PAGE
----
Friday, December 09, 2011

Met Police compensate journalist arrested for taking photographs in public place

Picture by Jules Mattson©
Taking photographs is a public hazard, anti-social behaviour, silly, gay, stupid and dangerous says Metropolitan Police Inspector
Juleses Mattson was taking photographs of an Armed Forces Day parade when he was arrested by an Inspector who told him that he was a public hazard and who said that photographing in public was “anti-social behaviour.” The Inspector also described the act of taking photographs as “silly” and “gay” and “stupid.” And when Mattsson continued to state the lawfulness of his behaviour, the Inspector declared it was “dangerous” as he was “likely to be trampled on by soldiers” from the parade.
Mattson, who is a member of the National Union of Journalists (NUJ), was represented by Chez Cotton, head of the Police Misconduct Department at Bindmans LLP, has received an out of court settlement and an apology from the Commissioner of Police of the Metropolis.
On 26 June 2010 Mattsson, at the time a fifteen year old student was photographing the Armed Forces Day parade in Romford. Despite the public event taking place in the middle of the town centre, Metropolitan Police Officers claimed it was unlawful to photograph the parade. The officers, led by an Inspector, insisted he stopped taking photographs.
His solicitor, Chez Cotton, said: “The police had no legal power to stop him photographing in a public place. The Inspector attempted to justify his actions in shocking and absurd ways.”
Mattsson managed to record most of the conversation on his mobile phone but the dialogue was brought to an abrupt conclusion when the Inspector declared: “You know what, I consider you a threat under the Terrorism Act young man. I’ve had enough,”  and Mattson was manhandled down some stairs by a group of police officers. Mattson tried unsuccessfully to film the treatment he was being subjected to but an officer said that for him to be filmed was “breaching his privacy.” Mattsson was then arrested for breach of the peace and detained for 15 minutes before being released.
Chez Cotton prepared a transcript of the exchange and used this as evidence to support representations to the Met Police Commissioner that his officers had falsely imprisoned Mattsson, assaulted him and breached his right to report, under Article 10 of the European Convention on Human Rights 1998.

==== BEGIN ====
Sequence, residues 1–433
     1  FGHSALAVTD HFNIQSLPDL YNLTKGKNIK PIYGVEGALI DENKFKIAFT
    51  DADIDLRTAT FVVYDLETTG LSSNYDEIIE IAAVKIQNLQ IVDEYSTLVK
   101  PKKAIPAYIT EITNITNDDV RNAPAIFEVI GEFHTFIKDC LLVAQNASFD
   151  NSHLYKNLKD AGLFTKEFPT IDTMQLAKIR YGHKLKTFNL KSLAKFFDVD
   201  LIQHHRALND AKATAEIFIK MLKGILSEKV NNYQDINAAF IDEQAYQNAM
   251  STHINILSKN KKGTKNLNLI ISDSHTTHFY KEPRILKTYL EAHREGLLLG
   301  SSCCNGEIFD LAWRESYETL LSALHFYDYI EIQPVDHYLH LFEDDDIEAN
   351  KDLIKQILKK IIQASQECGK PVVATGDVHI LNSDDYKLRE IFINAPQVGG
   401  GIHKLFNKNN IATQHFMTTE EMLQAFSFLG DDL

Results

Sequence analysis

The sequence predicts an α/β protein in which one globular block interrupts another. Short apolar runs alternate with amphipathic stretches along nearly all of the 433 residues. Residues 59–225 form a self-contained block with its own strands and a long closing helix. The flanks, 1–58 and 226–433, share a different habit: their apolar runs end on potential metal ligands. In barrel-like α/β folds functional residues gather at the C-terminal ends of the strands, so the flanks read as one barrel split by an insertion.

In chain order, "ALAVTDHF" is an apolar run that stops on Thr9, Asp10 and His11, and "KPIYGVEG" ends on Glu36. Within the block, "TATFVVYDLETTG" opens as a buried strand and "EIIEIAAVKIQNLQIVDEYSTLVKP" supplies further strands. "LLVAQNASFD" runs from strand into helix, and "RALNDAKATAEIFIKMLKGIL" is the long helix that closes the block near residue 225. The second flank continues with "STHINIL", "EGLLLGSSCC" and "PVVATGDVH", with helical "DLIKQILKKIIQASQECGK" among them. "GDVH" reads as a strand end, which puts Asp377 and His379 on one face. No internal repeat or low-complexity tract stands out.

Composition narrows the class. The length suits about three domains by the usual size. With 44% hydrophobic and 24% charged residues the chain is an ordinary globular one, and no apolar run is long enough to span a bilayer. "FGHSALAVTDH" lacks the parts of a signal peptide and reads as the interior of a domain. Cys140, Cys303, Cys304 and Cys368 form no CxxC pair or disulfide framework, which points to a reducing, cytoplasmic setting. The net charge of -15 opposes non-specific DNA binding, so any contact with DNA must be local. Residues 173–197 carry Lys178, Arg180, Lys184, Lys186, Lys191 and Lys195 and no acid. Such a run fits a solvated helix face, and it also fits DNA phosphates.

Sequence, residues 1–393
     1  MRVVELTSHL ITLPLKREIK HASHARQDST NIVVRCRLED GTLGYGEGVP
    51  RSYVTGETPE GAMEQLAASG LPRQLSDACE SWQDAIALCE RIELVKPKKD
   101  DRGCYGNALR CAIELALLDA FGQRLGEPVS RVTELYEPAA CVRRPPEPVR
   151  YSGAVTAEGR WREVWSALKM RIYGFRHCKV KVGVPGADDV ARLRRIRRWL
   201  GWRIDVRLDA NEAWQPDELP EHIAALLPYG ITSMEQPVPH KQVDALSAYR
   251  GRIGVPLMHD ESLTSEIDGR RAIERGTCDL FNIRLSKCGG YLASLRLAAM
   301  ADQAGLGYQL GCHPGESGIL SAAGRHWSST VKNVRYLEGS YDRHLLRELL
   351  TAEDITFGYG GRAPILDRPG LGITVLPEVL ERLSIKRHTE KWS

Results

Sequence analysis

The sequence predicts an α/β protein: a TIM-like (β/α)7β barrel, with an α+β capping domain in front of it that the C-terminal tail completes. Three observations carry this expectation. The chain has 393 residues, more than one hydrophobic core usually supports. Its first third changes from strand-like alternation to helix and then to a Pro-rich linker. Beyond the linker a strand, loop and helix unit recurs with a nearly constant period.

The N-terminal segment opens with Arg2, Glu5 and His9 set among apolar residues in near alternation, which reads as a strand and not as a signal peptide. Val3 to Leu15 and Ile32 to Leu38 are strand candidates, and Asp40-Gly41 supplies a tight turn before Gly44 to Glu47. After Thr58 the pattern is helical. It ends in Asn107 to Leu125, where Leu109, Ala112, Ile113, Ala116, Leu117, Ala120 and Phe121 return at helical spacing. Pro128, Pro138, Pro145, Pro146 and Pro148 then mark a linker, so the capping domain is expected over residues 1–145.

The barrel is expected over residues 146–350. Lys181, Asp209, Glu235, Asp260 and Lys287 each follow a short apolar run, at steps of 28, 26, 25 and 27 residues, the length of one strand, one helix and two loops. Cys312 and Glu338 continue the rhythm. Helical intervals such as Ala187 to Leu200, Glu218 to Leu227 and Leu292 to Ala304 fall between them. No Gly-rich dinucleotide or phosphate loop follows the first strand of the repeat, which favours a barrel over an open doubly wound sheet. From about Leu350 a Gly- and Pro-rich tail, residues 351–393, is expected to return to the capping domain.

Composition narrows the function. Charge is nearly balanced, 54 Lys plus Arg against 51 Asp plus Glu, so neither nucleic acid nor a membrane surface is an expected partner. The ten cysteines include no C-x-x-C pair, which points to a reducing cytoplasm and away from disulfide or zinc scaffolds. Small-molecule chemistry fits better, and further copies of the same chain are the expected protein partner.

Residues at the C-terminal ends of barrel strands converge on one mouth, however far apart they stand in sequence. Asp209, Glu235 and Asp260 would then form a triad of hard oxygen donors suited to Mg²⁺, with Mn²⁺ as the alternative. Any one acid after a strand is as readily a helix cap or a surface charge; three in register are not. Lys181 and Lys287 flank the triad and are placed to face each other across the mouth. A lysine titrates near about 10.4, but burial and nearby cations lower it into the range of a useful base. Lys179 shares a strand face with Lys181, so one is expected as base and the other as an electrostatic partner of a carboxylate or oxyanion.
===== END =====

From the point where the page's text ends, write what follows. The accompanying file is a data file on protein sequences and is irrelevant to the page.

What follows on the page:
The Directorate of Legal Services of the Metropolitan Police, on behalf of the Commissioner, agreed an out of court settlement. As well as paying compensation and meeting his legal costs, the Commissioner has also apologised to Mattsson for the treatment he received and has confirmed the force’s recognition that journalists have a right to report freely.
Chez Cotton added: “The treatment of the police towards our client, a fifteen year old, was shocking. The Inspector’s comments were designed to belittle. Our client politely and reasonably maintained that the police were not entitled to interfere with his right to report. In response the Inspector used serious anti-terrorism legislation, cynically telling Mr Mattson “I consider you a threat under the Terrorism Act young man. I’ve had enough.”
“The police have no legal power or moral responsibility to prevent or restrict what journalist record. It is unacceptable that the police interfered with Mr Mattsson’s right to report in any event, but for officers to attempt to intimidate a young reporter in this way is deplorable. It is right that the Commissioner has promptly apologised and paid a suitable level of damages.”
Roy Mincoff, the NUJ Legal Officer, said: “This was very poor and unlawful behaviour by a senior police officer, trying to intimidate a young NUJ photographer. It is not acceptable conduct, has no place in the police force and is hardly likely to gain respect for the police amongst the youth of the UK. The police have now recognised this, apologised and compensated our member. The NUJ will continue to hold the police to account to ensure that the vital rights of journalists, enshrined in law, are upheld, to enable reporting and photographing to continue, as part of the democratic framework of our society.”
The apology from the Metropolitan Police Service states:
“While reporting on the parade you were approached by Metropolitan Police Officers who prevented you from photographing the parade and subsequently arrested you for breach of the peace. The purpose of this letter is to apologise on behalf of the Metropolitan Police Service (MPS) for the distress you have suffered as a result of police actions. The MPS confirms its recognition that freedom of the press is a cornerstone of democracy and that photographers have a right to report freely. The MPS recognise that on 26 June 2010 they failed to respect press freedom in respect of yourself.”
You can see some of Jules Mattson's work at:

Audio of Mattson's arrest: ©Jules Mattson

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